Patient Advocate: A hospital employee whose job is to speak on a patient's behalf and help patients get the information or services they need.

Payment Rate: The total payment that a hospital or community mental health center gets when they give outpatient services to Medicare patients.

Penalty Divisor: number used by Medicaid to penalize uncompensated transfers. Based on average cost of nursing home care per day across the state of Kentucky= $199.46 or $6,066 monthly.

Personal Care: Nonskilled, personal care, such as help with activities of daily living. The Medicare home health benefit does pay for personal care services.

Personal Needs Allowance: the amount of income that a Medicaid recipient can keep each month to be used for their personal needs.

Plan of Care: A doctor's plan as to the kind of services and care that you need for your health problem.

POW: Prisoner OfWar.

Power of Attorney: The authority to act on behalf of another person. There are "general" powers of attorney, "limited" or "special" powers of attorney, and "durable" powers of attorney. A general or limited power of attorney ends when the principal becomes incapacitated. A durable power of attorney stays in effect if the principal becomes incapacitated.

Presumption of Aggravation: Had a pre-existing condition, the condition was made worse by military service, unless there is clear evidence to the contrary.

Presumption of Soundness: A veteran enlisted in the service in good health unless there is clear and convincing evidence to the contrary.

Presumptive Service-Connected Conditions: A veteran is presumed to have a certain condition.

Private Fee-For-Service Plan: A type of Medicare Advantage Plan in which you may go to any Medicare-approved doctor or hospital that accepts the plan's payment. The insurance plan, rather than the Medicare program, decides how much it will pay and what you pay for the services you get. You may pay for Medicare-covered benefits.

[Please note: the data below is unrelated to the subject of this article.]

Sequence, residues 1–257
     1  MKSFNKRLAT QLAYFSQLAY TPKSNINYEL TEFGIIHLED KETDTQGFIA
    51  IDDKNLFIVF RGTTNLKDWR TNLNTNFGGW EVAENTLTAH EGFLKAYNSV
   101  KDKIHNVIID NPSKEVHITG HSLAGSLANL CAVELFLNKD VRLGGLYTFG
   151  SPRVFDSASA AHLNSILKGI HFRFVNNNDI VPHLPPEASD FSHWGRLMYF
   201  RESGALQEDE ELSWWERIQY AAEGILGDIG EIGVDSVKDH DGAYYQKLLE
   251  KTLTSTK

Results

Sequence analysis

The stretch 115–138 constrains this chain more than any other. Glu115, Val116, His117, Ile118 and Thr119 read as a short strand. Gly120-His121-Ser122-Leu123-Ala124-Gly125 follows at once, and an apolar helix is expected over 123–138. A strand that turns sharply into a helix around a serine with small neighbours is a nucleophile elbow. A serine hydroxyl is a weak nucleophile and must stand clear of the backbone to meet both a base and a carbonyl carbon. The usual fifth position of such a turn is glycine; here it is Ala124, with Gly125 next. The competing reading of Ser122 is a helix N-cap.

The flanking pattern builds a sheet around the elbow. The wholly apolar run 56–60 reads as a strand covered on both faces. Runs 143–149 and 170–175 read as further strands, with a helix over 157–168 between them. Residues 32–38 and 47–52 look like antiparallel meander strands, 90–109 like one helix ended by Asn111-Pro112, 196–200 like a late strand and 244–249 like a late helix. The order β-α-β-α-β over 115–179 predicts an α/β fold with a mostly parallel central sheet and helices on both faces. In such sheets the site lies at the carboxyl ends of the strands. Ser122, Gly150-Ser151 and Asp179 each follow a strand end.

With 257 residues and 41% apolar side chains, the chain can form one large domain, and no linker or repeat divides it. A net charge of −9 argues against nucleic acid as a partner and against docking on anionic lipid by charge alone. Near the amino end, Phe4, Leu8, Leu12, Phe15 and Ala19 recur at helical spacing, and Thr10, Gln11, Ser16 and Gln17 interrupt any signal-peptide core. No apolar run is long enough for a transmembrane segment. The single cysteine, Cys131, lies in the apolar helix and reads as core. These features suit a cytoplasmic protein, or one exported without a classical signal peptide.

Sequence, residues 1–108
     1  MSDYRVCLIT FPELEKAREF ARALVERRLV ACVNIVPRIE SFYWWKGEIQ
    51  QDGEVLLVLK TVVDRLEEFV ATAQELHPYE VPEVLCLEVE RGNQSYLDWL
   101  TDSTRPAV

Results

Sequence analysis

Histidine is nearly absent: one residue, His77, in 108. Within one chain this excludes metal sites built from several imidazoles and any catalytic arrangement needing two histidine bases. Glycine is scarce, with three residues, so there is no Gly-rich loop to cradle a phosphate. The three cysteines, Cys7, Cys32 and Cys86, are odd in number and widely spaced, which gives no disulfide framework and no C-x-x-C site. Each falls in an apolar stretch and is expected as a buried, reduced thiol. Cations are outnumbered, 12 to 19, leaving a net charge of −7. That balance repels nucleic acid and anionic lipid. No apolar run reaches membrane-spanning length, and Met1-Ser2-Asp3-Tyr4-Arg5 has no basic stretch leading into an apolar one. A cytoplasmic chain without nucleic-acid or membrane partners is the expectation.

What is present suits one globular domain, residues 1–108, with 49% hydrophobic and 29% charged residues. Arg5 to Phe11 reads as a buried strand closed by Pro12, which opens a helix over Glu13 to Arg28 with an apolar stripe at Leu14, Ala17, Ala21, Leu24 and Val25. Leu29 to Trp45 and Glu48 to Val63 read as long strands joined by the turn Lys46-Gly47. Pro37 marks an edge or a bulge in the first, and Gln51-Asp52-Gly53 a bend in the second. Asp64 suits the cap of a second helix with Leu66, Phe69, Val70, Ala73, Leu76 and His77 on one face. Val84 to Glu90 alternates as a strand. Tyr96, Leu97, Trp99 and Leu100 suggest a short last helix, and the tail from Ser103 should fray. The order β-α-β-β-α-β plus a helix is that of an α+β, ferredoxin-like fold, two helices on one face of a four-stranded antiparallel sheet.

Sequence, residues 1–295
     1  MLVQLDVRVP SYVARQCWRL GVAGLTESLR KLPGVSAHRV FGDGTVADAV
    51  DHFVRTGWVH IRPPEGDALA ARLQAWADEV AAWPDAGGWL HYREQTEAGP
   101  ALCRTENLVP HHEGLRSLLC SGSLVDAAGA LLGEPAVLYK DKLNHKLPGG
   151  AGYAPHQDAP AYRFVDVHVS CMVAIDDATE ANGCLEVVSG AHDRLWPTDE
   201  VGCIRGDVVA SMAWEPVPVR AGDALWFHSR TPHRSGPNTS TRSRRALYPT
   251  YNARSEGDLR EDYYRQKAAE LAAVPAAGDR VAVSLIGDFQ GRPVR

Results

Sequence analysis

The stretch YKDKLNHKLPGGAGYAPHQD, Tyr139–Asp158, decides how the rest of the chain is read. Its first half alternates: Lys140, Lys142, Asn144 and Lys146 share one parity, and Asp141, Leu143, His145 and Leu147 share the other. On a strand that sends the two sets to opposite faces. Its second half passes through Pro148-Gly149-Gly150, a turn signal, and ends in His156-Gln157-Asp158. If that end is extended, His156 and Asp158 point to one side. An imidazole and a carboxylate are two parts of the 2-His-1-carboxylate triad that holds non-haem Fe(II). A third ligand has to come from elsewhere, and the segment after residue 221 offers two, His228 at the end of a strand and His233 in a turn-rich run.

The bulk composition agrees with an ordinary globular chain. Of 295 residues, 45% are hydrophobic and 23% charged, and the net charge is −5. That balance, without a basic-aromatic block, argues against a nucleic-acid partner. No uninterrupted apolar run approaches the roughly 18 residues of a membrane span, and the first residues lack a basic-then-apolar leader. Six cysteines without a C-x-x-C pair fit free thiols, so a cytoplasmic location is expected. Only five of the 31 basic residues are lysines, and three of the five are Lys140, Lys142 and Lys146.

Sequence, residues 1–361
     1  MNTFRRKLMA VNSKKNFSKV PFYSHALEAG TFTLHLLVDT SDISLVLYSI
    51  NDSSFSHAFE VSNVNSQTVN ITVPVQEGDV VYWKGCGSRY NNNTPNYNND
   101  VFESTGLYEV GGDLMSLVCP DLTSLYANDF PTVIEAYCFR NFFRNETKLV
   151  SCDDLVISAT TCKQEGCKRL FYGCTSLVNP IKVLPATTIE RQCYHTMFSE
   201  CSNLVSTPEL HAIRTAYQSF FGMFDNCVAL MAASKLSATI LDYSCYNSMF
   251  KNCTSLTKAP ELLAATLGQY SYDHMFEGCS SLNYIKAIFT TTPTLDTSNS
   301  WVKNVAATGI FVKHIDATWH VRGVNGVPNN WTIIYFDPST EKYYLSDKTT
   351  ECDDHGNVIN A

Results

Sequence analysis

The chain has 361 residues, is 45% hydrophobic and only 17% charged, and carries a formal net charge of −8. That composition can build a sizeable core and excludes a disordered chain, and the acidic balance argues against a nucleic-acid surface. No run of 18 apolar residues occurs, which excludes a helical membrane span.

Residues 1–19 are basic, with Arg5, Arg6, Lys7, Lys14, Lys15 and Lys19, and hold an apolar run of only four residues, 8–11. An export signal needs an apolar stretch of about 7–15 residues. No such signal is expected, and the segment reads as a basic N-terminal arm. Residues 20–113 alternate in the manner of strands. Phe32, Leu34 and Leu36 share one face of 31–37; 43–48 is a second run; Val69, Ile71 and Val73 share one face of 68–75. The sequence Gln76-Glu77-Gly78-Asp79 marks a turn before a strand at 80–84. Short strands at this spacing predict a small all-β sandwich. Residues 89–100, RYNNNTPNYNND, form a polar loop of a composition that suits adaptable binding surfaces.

Probate: a judicial action of proving that a will is valid. The size of the estate will determine the length of the probate proceeding. Also used to refer to the process of handling a decedent estate.

Qualified Medicare Beneficiary (QMB): This is a Medicaid program for beneficiaries who need help in paying for Medicare services. The beneficiary must have Medicare Part A and limited income and resources. For those who qualify, the Medicaid program pays Medicare Part A premiums, Part B premiums, and Medicare deductibles and coinsurance amounts for Medicare services.

Qualifying Individuals (1) (QI-1S): This is a Medicaid program for beneficiaries who need help in paying for Medicare Part B premiums. The beneficiary must have Medicare Part A and limited income and resources and not be otherwise eligible for Medicaid. For those who qualify, the Medicaid program pays full Medicare Part B premiums only.

Qualifying Individuals (2) (QI-2S): This is a Medicaid program for beneficiaries who need help in paying for Medicare Part B premiums. The beneficiary must have Medicare Part A and limited income and resources and not be otherwise eligible for Medicaid. For those who qualify, Medicaid pays a percentage of Medicare Part B premiums only.

Regional Home Health Intermediary (RHHI): A private company that contracts with Medicare to pay home health bills and check on the quality of home health care.

Residuary beneficiaries: gain access at death of grantor or at a specified time by grantor.